Twitter wants 5% of my stream to be ads? Interesting. Not sure how that will work. When I’m reading a tweetstream I’m reading a tweetstream. I really don’t want to go off and look at advertisements.
The Waldorf Astoria is putting its archives online. Of course it has an archive. Every institution with any kind of lifespan has an archive. What varies is the condition it’s in, whether anybody bothers to curate it, and what happens to it after the institution dissolves.
Sometimes bots are not all that: YouTube has apparently flagged a video of a cat purring as copyrighted music. “Last March, YouTube user Digihaven uploaded one hour of video loops featuring his cat Phantom, purring, as cats do. The video didn’t go viral but appealed to a niche public, and more recently also two major music publishers. Nearly a year after the video was posted Digihaven was informed by YouTube that Phantom is ‘pirate’ purring. Apparently, part of the 12 second loop belongs to EMI Music Publishing and PRS.”
NASA has announced its plan for making its research, articles, and data more publicly accessible. “NASA’s plan includes provisions for making both articles and data resulting from its funded research publicly available. Most notably, the Agency commissioned a full independent analysis of implementation options available to provide effective compliance with the article requirements of the White House directive. The analysis compared the merits of the NIH PubMed Central (PMC) database, the DOE’s Public Access Gateway for Energy and Science (PAGES) system, and the Clearinghouse for the Open Research of the United States (CHORUS) platform proposed by the publishing industry. Ultimately, NASA opted to work with NIH’s PMC database.”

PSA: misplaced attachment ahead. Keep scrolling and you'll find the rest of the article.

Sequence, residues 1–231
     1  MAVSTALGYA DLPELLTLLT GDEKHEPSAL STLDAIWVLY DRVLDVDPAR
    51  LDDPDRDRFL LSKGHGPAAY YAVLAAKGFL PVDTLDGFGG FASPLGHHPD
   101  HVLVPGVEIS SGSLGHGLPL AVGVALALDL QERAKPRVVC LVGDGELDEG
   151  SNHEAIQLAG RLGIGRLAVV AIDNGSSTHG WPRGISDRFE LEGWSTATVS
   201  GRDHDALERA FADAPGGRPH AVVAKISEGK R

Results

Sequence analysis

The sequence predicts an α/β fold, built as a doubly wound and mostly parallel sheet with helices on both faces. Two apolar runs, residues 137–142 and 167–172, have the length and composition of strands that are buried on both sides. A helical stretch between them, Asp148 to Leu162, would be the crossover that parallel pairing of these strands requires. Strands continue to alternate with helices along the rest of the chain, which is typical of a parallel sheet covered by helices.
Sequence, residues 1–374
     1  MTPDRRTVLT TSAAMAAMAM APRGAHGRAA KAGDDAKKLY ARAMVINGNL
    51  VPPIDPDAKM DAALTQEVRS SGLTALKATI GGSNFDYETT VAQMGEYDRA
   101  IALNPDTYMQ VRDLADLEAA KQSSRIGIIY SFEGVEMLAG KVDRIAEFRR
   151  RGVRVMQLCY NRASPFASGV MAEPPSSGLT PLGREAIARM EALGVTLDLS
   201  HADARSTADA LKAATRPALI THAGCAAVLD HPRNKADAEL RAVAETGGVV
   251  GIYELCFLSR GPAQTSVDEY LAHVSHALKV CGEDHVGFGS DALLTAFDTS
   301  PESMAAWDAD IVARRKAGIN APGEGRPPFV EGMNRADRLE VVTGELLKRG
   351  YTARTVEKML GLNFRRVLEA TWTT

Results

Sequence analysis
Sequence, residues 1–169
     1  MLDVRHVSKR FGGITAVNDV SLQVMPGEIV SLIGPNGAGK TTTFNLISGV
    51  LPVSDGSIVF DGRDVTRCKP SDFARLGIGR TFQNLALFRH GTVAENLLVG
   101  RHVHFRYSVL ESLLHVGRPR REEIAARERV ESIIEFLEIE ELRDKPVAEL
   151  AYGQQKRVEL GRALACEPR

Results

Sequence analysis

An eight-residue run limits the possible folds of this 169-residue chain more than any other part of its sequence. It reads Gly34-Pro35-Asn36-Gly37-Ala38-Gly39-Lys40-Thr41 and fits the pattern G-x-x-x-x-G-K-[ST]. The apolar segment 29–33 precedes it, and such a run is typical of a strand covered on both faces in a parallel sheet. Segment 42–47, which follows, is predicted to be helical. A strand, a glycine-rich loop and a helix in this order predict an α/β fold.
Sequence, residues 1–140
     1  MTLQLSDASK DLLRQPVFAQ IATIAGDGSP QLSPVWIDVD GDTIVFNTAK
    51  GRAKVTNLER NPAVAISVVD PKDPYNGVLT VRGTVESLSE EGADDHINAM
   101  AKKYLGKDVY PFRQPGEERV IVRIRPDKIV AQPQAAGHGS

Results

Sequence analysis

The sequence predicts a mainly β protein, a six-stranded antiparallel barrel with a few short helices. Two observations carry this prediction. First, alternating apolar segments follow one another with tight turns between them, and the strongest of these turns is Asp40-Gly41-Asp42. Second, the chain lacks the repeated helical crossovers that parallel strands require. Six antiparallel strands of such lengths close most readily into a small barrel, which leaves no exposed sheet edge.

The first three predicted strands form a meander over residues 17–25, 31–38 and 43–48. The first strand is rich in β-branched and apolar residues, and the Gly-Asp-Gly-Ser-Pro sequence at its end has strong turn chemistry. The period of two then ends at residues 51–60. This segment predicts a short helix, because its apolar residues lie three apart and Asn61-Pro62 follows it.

Dropbox has a new Chrome extension. “When you install Dropbox for Gmail, you’ll see a new icon at the bottom of the message compose window. Click it to sign in and select files from Dropbox. The extension then adds links to them in your email.”
More Twittergazing: how online personas change after an engagement announcement. “A researcher at the Georgia Institute of Technology has used Twitter as a lens to look into the lives of nearly 1,000 people who used the site to announce their wedding engagement. By comparing tweets before and after, the study was able to determine how people changed their online personas following the proposal. Some differences were split along gender lines. Others identified how people alter the words they use on Twitter after they are engaged.”
Facebook has fixed a ridiculously-easy photo deletion security hole. “This was all able to happen by exploiting Facebook’s Graph API, which is the HTTP-based software that allows the website to function. Graph API requires a token to mess with someone’s data, but Muthiyah tricked Facebook, using his own token, into deleting other people’s pictures.” Good just barely Monday, Internet…
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